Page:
Ideally an optional ingame character data and interaction sheet. Allowing a player to right click on a mob and select pre-defined roll options and automatically calculate out all the numbers and do the roll, then update the mob's state (Health, status, etc.) would be very nice and allow easier large scale RPG battles.



Penning notes for a system to make a system like this to make a starwars game easier to play with friends has been my 'boring lecture' activity for awhile now.

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Althgouh not exactly what you are loking at, have a look at OpenSim, this is a virtual world server system (based on second life but is open source). This has various in-world tools for editing terrain as well as objects (eg: you can make buildings like dungeons or towers, etc).

You could use it to prototype some of the ideas to see how they will enhance your idea.

As an avid role player and boardgamer I have looked at various virtual table top systems and I have found that some of the more essential featuers are:

1) Ease of connection: Some are clunky in how they handle connections, with some only allowing the server to act as game master and such. Allowing any client to connect as a particular role (PC, GM, Assistent GM, etc) is an important feature this way you can have more flexability.

2) Communication: You need several different chanels of cumminucation such as speach, text and avatar gestures (the avatar can be a character model or in addition to a seperate avatar of the player). Also allowing groups to be assigened and easily selected while allowing communication directly to those groups is important.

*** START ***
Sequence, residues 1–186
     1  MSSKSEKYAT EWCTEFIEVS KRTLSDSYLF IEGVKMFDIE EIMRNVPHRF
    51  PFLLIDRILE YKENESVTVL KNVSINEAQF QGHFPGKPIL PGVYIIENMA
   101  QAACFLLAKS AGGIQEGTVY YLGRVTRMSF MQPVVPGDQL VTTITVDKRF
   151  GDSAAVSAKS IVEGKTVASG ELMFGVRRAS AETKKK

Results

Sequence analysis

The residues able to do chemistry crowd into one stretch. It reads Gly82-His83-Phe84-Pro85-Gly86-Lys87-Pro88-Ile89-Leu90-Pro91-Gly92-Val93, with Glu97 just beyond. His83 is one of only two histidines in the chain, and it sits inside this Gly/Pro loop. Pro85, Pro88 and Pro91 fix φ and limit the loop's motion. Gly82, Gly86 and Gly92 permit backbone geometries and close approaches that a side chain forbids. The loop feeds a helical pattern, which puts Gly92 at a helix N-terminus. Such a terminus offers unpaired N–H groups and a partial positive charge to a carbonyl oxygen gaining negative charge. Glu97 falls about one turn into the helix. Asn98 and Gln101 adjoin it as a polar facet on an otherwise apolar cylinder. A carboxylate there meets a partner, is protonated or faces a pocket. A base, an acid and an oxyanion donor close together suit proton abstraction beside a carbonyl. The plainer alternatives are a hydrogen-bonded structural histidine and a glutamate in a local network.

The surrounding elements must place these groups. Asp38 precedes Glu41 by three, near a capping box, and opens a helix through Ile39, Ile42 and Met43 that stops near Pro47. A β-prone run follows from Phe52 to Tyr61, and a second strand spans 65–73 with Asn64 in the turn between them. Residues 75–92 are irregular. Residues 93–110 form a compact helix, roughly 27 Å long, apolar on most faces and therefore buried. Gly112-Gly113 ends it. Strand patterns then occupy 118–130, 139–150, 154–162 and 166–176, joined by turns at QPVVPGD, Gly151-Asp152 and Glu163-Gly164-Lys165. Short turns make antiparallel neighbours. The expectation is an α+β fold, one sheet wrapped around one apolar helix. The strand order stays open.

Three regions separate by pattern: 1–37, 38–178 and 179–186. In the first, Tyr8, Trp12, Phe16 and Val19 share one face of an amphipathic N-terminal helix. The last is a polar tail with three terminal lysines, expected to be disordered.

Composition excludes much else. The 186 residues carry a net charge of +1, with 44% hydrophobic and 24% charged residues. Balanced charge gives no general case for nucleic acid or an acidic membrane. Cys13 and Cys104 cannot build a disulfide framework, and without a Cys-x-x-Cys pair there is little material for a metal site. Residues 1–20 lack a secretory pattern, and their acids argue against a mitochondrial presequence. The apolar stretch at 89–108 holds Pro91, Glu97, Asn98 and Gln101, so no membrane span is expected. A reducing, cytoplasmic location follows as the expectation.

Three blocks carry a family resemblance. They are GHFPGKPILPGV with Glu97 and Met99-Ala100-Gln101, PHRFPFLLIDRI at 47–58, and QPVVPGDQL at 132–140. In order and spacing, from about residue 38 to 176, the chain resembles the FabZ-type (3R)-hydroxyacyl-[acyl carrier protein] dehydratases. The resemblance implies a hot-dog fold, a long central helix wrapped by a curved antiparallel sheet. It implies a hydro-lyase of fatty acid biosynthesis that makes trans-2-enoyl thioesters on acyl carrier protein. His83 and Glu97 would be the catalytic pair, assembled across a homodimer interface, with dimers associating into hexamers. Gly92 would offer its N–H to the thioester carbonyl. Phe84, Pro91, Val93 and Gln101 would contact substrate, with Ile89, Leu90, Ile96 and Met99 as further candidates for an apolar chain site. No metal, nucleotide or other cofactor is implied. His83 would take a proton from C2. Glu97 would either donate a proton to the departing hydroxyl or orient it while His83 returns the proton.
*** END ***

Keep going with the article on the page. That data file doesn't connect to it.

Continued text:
3) Scripting: A basic system that allows advanced scripting of game componnetns makes for a more flexiable and useful system. The system RPTools started off with only a basic scripting system that was only intended to enhance text chat, however, over time as users requested more functionality from this feature it has developed into a sophisticated scripting system. The problem with this approach is that it is very arcane in how you do things. A good scripting system built up from the start would have been a much better approach.

One idea I have had for such a scripting system is like the Lego Mindstorms system. The idea is that you connect "Blocks" together and each block is a script command (I don't mind if someone wants to impliment this idea and if you want me to describe it in more detail I can).

4) Switching view types: This is related to (1) in that any client can see the Virtual table top from any connection type. This will allow GMs to see the game from the perspective of the players. This is important when a GM is designing the levels and knowing how it will look to others. Being able to quickly switch between these view modes makes development of the levels much easier and quicker.

5) Imposters: This is an essential tool for the GM. With this the GM (or if you want any player) can take over allowed characters and play from that character's perspective (again related to (1) and (4) ). This will allow GMs to act as NPCs and ahve the NPC respond to the actions of the players. It also allows a player to play multiple characters (eg: Wizards and their Familiars), or allow a player to take over a character of a player that is not able to make the game.

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Quote:
Original post by Edtharan
Althgouh not exactly what you are loking at, have a look at OpenSim, this is a virtual world server system (based on second life but is open source). This has various in-world tools for editing terrain as well as objects (eg: you can make buildings like dungeons or towers, etc).